Spring Statement 2019

French Duncan | 14 March 2019

The Chancellor, Philip Hammond, previously stated the Spring Update is now the reserve of economic policy with any key tax measures being reserved for the Budget. With the prospect of Brexit looming many economic announcements were Brexit dependent, with headline announcements including:

  • In the event of a no-deal Brexit, an increase in tariffs to EU countries, including car imports, and a reduction on tariffs to non-EU countries. Overall this should equate to an increase in zero-tariff imports from 80% to 87%.
  • In the event that the UK leaves the EU with a Brexit deal the Chancellor has pledged a £26.6bn “deal dividend” to cut taxes and spend on public services.
  • The UK growth forecast is set at 1.2% this year, 1.4% next year and 1.6% in each of the final three years.
  • Borrowing in 2019 will be just 1.1% of GDP which is £3bn lower than forecast at the Autumn Budget.

Many of the key tax announcements from the Autumn Budget will come into effect in the immediate future, including:

  • For UK tax payers the personal allowance will be raised to £12,500 from 6 April 2019, one year earlier than originally planned.
  • For non-Scottish UK higher rate threshold will also rise to £50,000 from 6 April 2019, also a year earlier than originally planned, and will remain at the same level in 2020/21. The basic rate and higher rate income tax rates remain at 20% and 40% respectively.
  • For Scottish tax payers, tax bands and income tax rates from 6 April 2019 are as follows:
Bands Band name Rate
Over £12,500-£14,549 Starter Rate 19%
Over £14,549-£24,944 Scottish Basic Rate         20%
Over £24,944-£43,430 Internediate Rate 21%
Over £43,430-£150,000          Higher Rate 41%
Above £150,000 Top Rate 46%


  • The lifetime allowance for pension savings will increase to £1,055,000 for 2019/20 in line with CPI.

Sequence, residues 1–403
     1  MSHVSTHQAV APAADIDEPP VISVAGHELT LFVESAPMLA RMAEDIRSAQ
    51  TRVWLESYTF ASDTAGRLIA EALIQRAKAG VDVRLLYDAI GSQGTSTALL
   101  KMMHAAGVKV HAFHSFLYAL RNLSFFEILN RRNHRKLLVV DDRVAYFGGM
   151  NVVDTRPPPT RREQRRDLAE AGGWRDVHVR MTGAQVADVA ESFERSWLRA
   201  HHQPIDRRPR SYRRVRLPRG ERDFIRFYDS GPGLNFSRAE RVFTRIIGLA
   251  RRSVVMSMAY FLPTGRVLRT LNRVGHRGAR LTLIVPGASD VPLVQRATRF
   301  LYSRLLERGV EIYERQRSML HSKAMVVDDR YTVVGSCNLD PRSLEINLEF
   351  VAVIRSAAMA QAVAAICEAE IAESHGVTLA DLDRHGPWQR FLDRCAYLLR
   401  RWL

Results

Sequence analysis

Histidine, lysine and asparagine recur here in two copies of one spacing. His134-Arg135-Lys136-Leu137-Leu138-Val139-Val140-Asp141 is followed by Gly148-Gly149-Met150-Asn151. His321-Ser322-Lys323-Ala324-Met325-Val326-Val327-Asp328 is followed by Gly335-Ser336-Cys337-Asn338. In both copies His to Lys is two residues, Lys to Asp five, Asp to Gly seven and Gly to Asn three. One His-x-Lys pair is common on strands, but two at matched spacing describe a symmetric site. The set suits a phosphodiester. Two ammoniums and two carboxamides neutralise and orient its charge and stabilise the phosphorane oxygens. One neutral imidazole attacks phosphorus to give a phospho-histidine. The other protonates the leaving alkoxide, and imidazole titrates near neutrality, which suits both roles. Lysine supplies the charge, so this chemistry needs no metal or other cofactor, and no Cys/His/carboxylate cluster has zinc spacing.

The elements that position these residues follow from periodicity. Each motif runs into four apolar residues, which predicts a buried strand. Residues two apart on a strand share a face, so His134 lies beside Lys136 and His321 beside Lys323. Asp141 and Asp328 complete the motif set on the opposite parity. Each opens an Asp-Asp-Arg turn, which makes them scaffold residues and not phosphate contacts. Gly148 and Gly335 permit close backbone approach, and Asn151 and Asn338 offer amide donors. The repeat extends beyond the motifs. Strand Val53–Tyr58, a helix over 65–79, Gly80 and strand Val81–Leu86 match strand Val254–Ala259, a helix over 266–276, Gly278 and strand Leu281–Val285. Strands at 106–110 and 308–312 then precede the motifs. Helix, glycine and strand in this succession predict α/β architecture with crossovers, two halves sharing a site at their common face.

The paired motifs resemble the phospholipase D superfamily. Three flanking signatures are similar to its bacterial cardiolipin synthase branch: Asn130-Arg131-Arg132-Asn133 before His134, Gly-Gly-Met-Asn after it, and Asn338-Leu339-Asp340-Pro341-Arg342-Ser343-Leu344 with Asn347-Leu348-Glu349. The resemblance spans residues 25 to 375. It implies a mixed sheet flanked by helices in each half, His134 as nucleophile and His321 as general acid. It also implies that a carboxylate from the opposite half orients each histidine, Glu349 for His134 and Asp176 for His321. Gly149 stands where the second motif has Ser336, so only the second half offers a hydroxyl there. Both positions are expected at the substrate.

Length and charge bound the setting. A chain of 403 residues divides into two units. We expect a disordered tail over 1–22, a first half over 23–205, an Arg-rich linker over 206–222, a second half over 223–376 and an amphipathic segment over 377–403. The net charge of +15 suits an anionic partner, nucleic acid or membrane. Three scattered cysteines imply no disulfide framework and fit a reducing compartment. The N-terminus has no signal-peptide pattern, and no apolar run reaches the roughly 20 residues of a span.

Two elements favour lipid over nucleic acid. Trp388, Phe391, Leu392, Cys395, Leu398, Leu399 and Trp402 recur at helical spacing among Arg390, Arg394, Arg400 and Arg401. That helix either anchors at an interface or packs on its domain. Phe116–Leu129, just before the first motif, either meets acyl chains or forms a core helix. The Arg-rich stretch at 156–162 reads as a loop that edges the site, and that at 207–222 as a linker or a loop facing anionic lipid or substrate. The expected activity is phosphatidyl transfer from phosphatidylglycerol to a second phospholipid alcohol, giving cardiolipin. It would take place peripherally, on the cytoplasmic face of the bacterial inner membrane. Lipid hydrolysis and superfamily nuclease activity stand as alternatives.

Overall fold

• For entrepreneurs’ relief, the minimum period throughout which the qualifying conditions for relief must be met will be extended from 12 months to 24 months from 6 April 2019. Further anti-avoidance measures will apply from 29 October 2018.
  • The VAT registration threshold is to be maintained at the current level of £85,000 until April 2022.
  • The annual investment allowance (AIA) increased to £1 million for all qualifying investments in plant and machinery made on or after 1 January 2019 until 31 December 2020. Additionally a new 2% capital allowance for commercial and industrial buildings was introduced

Measures that were announced in the Autumn Budget that will apply from April 2020 include:

  • Companies will be subject to a 50% limit on the proportion of annual capital gains that can be relieved by brought-forward capital losses. Companies will have unrestricted use of up to £5 million capital or income losses each year.
  • Capital gains tax lettings relief will only apply where the owner of the property is in shared occupancy with the tenant. The final period exemption will also be generally reduced from 18 months to nine months. A consultation period will follow.
  • The amount of payable research and development (R&D) tax credits that a qualifying loss-making company can receive in any tax year will be restricted to three times the company’s total PAYE and NICs liability for that year.
  • When a business enters insolvency, HMRC will be a preferred creditor for taxes collected by the business for the government such as VAT, PAYE income tax, employee NICs, and construction industry scheme deductions – but not such taxes as corporation tax and employer NICs.
  • Large social media platforms, search engines and online marketplaces will be pay a 2% tax on the revenues they earn which are linked to UK users.

Please click on the images below to download our Spring Statement Summary and 2019-2020 Tax Rates Card. If you have any queries or concerns about how you may be affected please get in touch.





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